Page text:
Skip to main content

Thank you for visiting nature.com. You are using a browser version with limited support for CSS. To obtain the best experience, we recommend you use a more up to date browser (or turn off compatibility mode in Internet Explorer). In the meantime, to ensure continued support, we are displaying the site without styles and JavaScript.

Disentangling host–microbiota complexity through hologenomics

Abstract

Research on animal–microbiota interactions has become a central topic in biological sciences because of its relevance to basic eco-evolutionary processes and applied questions in agriculture and health. However, animal hosts and their associated microbial communities are still seldom studied in a systemic fashion. Hologenomics, the integrated study of the genetic features of a eukaryotic host alongside that of its associated microbes, is becoming a feasible — yet still underexploited — approach that overcomes this limitation. Acknowledging the biological and genetic properties of both hosts and microbes, along with the advantages and disadvantages of implemented techniques, is essential for designing optimal studies that enable some of the major questions in biology to be addressed.

Access options

Rent or Buy article

Get time limited or full article access on ReadCube.

from$8.99

All prices are NET prices.

Fig. 1: Diversity and ecological relevance of host–microbiota systems.
Fig. 2: Overview of the five essential criteria for designing and interpreting hologenomic studies.
Fig. 3: Decomposition of hologenomic complexity.
Fig. 4: Hologenomic complexity of study systems.
Fig. 5: Examples of biological processes addressed by the different models of host–microbiota interactions.
Fig. 6: Decomposition of hologenomic complexity and its impact on results.

References

  1. 1.

    McFall-Ngai, M. et al. Animals in a bacterial world, a new imperative for the life sciences. Proc. Natl Acad. Sci. USA 110, 3229–3236 (2013).

    CAS  PubMed  PubMed Central  Article  Google Scholar 

  2. 2.

    Bosch, T. C. G. & Miller, D. J. The Holobiont Imperative: Perspective from Early Emerging Animals (Springer-Verlag, 2016).

  3. 3.

    Müller, D. B., Vogel, C., Bai, Y. & Vorholt, J. A. The plant microbiota: systems-level insights and perspectives. Annu. Rev. Genet. 50, 211–234 (2016).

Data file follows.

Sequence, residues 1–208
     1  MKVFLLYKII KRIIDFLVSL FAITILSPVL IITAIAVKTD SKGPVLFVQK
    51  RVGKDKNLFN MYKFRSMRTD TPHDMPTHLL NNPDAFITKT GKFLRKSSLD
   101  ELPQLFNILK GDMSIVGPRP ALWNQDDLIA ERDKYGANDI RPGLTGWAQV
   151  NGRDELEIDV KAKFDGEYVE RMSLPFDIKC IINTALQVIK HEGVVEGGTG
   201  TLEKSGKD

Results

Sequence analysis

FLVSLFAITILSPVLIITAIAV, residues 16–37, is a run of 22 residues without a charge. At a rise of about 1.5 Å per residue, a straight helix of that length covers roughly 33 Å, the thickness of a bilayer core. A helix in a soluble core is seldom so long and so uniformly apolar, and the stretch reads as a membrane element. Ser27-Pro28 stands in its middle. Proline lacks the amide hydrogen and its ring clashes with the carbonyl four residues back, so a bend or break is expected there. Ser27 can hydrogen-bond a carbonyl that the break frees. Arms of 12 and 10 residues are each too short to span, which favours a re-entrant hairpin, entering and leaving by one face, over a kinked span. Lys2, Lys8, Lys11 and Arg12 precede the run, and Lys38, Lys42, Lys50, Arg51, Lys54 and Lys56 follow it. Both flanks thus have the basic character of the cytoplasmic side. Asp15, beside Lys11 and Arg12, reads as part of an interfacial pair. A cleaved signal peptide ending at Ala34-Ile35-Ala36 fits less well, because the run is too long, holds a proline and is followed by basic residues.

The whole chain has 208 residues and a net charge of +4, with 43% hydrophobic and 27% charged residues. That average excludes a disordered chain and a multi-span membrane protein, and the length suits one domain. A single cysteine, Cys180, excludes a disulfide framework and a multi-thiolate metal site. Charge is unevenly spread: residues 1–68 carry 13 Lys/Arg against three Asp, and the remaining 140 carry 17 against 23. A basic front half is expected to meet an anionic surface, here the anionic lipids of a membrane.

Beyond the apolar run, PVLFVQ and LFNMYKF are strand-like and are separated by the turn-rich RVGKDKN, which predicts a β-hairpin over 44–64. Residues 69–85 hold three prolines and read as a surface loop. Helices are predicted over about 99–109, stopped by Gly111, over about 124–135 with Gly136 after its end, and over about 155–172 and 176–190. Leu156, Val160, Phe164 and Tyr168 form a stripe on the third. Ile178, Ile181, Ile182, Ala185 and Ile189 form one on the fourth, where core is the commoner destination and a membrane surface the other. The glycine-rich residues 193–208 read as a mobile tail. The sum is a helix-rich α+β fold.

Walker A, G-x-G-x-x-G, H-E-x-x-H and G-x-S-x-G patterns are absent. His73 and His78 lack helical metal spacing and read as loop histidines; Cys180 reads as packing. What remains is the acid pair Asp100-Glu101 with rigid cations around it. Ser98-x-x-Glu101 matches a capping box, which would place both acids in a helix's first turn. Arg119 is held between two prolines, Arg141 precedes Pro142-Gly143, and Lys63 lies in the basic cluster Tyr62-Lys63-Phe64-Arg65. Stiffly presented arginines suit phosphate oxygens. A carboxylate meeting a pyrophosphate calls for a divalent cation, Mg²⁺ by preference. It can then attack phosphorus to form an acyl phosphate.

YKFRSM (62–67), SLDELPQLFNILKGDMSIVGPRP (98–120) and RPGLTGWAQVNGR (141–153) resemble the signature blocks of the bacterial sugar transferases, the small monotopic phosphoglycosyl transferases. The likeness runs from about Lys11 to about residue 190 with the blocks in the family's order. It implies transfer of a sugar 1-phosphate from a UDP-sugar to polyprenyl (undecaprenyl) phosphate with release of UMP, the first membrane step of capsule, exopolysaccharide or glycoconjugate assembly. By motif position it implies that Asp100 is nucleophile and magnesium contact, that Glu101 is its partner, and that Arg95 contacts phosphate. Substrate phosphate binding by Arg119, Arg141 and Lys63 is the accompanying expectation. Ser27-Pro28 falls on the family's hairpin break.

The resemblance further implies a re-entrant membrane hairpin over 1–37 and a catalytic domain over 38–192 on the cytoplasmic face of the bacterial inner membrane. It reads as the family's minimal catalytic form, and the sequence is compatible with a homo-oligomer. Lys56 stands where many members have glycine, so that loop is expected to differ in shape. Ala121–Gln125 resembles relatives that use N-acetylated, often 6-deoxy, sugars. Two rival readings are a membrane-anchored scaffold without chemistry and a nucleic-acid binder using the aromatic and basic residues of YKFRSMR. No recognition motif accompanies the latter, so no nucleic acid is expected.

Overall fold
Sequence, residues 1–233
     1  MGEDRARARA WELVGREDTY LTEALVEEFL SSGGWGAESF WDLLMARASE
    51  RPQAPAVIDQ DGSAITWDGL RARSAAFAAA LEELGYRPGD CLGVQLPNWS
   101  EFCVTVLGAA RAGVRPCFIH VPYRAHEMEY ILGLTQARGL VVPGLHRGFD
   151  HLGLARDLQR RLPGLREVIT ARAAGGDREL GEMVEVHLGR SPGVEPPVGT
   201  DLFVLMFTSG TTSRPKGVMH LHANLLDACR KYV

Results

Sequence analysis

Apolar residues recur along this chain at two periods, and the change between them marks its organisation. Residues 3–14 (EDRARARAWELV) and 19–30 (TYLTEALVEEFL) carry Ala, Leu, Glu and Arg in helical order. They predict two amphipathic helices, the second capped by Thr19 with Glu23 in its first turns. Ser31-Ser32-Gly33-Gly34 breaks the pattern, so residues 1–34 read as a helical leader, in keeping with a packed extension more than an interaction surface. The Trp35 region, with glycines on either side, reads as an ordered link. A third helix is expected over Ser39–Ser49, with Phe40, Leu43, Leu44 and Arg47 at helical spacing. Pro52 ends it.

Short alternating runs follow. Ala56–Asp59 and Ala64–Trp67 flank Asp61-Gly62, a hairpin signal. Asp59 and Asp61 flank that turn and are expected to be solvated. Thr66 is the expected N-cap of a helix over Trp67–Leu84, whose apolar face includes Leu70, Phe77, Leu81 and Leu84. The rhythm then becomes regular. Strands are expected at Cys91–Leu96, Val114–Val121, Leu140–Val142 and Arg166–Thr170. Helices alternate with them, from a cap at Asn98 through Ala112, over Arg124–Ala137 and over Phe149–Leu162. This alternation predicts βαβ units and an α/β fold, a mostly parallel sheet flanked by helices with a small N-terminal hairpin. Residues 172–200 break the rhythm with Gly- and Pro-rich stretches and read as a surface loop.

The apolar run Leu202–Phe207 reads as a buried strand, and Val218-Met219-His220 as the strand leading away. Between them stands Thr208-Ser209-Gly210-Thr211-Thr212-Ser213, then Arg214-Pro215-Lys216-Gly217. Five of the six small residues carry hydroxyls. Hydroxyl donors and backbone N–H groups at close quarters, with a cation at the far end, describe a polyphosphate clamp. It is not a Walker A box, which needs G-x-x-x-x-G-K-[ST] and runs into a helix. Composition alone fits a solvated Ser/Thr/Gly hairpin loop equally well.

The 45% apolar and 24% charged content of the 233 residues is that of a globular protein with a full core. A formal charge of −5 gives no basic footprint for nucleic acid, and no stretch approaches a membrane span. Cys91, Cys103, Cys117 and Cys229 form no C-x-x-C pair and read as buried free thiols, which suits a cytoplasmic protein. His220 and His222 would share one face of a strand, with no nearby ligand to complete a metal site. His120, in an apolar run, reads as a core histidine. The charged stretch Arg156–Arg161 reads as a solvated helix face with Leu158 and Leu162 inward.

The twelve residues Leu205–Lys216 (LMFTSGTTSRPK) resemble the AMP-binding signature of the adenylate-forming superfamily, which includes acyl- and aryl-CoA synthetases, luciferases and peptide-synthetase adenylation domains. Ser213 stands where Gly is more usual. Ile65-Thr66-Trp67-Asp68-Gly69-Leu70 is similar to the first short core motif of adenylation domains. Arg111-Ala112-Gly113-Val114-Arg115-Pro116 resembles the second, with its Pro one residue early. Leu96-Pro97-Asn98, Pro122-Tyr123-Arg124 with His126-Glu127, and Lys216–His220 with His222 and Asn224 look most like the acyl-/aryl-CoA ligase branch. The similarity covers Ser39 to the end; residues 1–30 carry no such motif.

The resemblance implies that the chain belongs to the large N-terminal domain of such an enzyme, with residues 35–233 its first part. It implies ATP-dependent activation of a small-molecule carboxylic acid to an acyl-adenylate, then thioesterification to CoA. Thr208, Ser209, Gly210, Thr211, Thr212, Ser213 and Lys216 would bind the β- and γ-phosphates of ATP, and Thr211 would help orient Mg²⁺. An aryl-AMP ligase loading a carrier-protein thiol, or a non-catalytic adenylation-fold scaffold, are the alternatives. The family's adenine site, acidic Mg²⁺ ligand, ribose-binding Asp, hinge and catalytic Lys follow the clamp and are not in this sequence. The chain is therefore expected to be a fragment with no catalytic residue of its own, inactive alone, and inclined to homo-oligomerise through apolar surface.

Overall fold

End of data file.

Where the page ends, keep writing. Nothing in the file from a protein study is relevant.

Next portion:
PubMed  Article  CAS  PubMed Central  Google Scholar 

  4. 4.

    Baedke, J., Fábregas-Tejeda, A. & Nieves Delgado, A. The holobiont concept before Margulis. J. Exp. Zool. B Mol. Dev. Evol. 334, 149–155 (2020).

    PubMed  Article  PubMed Central  Google Scholar 

  5. 5.

    Nyholm, S. V. & McFall-Ngai, M. The winnowing: establishing the squid–vibrio symbiosis. Nat. Rev. Microbiol. 2, 632–642 (2004).

    CAS  PubMed  Article  PubMed Central  Google Scholar 

  6. 6.

    Ley, R. E., Lozupone, C. A., Hamady, M., Knight, R. & Gordon, J. I. Worlds within worlds: evolution of the vertebrate gut microbiota. Nat. Rev. Microbiol. 6, 776–788 (2008).

    CAS  PubMed  PubMed Central  Article  Google Scholar 

  7. 7.

    Sasse, J., Martinoia, E. & Northen, T. Feed your friends: do plant exudates shape the root microbiome? Trends Plant. Sci. 23, 25–41 (2018).

    CAS  PubMed  Article  Google Scholar 

  8. 8.

    Małyska, A., Markakis, M. N., Pereira, C. F. & Cornelissen, M. The microbiome: a life science opportunity for our society and our planet. Trends Biotechnol. 37, 1269–1272 (2019).

    PubMed  Article  CAS  Google Scholar 

  9. 9.

    Sessitsch, A. & Mitter, B. 21st century agriculture: integration of plant microbiomes for improved crop production and food security. Microb. Biotechnol. 8, 32 (2015).

    PubMed  Article  Google Scholar 

  10. 10.

    Leidy, J. Parasites of the Termites (Collins, Printer, 1881).

  11. 11.

    Escherich, T. The intestinal bacteria of the neonate and breast-fed infant. Rev. Infect. Dis. 10, 1220–1225 (1988).

    CAS  PubMed  Article  PubMed Central  Google Scholar 

  12. 12.

    Beckwith, T. D. & Rose, E. J. Cellulose digestion by organisms from the termite gut. Proc. Soc. Exp. Biol. Med. 27, 4–6 (1929).

    CAS  Article  Google Scholar 

  13. 13.

    Margolin, S. Methods for the cultivation of cattle ciliates. Biol. Bull. 59, 301–305 (1930).

    Article  Google Scholar 

  14. 14.

    Bergeim, O., Hanszen, A. & Arnold, L. The influence of fruit ingestion before meals upon the bacterial flora of stomach and large intestine and on food allergins. Am. J. Dig. Dis. Nutr. 3, 45–52 (1936).

    CAS  Article  Google Scholar 

  15. 15.

    Lewin, H. A. et al. Earth BioGenome Project: sequencing life for the future of life. Proc. Natl Acad. Sci. USA 115, 4325–4333 (2018).

    CAS  PubMed  PubMed Central  Article  Google Scholar 

  16. 16.

    Quince, C., Walker, A. W., Simpson, J. T., Loman, N. J. & Segata, N. Shotgun metagenomics, from sampling to analysis. Nat. Biotechnol. 35, 833–844 (2017).

    CAS  PubMed  Article  PubMed Central  Google Scholar 

  17. 17.